Further, Higgins points to decreased size and increased visualization with surgical instruments.

“Laparoscopic surgical instruments, for example, keep shrinking in size and require fewer entry points via trocars (in some cases it’s now down to one entry point),” he explained. “The use of flexible endo-scopes allows lower impact visual diagnosis and surgical procedures utilizing the body’s natural openings without requiring traditional open surgery.”

Fernando additionally highlights precision of surgery and devices.

“Over the last three decades, surgery has evolved and patients have benefited from this evolution,” he shared. “Open surgery was the ‘go to’ modality for most general and gynecologic procedures. Laparoscopy allowed surgeons to perform the same procedures, but with much smaller incisions; this allowed less pain, less scarring, and quicker recovery. Then laparoscopy was digitized; this allowed for the integration of augmented intelligence, the practical use of 3mm instruments, and force-sensing at the incision site. As a result, patients are leaving their procedures with a better overall experience. [For example], a recent study published in the Journal of the Society of Laparo-endoscopic Surgeons showed that among a cohort of patients who received Senhance surgery, patient satisfaction with their procedure was 98%. Among this same group, patient satisfaction with scarring was 100%.”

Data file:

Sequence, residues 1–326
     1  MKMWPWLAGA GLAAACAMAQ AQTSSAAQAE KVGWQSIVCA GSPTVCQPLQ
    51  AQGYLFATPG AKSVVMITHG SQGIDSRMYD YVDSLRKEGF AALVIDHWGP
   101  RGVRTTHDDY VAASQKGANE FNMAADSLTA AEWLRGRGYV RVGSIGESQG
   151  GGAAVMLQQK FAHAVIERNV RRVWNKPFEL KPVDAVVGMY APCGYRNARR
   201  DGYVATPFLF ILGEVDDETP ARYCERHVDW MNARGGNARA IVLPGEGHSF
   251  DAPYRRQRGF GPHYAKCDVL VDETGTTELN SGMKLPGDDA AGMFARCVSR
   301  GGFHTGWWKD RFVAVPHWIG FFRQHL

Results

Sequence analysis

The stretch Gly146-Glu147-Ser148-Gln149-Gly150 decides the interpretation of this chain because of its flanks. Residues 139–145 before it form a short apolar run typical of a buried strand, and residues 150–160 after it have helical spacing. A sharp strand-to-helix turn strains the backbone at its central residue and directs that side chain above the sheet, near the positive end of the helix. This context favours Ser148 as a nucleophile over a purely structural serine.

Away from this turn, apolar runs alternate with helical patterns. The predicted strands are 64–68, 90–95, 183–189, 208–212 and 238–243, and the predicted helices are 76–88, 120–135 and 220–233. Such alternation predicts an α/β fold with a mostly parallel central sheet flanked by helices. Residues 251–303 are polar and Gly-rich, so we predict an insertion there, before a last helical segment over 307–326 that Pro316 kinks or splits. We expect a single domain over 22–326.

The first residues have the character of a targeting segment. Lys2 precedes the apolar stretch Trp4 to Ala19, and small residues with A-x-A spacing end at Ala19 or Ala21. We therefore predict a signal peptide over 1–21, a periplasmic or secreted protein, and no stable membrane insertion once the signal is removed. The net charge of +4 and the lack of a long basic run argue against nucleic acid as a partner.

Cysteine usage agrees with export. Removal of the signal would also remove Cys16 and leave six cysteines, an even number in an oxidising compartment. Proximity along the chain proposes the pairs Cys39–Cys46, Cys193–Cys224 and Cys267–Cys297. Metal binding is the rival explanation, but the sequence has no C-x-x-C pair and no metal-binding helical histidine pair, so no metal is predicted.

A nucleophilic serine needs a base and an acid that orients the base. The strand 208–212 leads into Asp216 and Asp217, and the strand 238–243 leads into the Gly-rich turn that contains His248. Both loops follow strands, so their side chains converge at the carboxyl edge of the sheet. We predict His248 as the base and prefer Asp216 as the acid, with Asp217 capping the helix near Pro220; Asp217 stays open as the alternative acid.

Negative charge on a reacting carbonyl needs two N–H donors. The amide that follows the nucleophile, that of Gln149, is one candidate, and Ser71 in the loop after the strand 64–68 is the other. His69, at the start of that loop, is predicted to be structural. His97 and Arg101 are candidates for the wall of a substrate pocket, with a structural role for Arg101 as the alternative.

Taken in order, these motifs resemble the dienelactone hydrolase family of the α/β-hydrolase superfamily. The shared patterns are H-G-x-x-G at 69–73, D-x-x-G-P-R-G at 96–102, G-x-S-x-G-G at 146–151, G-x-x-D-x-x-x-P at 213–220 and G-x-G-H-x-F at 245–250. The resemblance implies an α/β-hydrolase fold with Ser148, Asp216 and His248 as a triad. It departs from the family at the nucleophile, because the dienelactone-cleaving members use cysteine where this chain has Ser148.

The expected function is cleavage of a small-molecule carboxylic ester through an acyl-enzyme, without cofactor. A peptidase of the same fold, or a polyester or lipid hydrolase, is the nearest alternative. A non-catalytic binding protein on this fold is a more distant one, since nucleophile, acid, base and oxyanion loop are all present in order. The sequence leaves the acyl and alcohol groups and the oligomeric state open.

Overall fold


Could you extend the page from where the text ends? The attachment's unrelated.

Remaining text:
As Fernando sees it, “Next-level technology completely changes the idea of what’s possible. As technology enhances and changes the world we live in, the OR can move beyond inefficiency, unpredictability and outdated technology. By digitizing surgery and building machine learning algorithms and AI, surgeries become smarter and more instinctive and result in better patient outcomes.”

1.  Source: Association of American Medical Colleges. The Complexities of Physician Supply and Demand: Projections from 2016 to 2030. March 2018.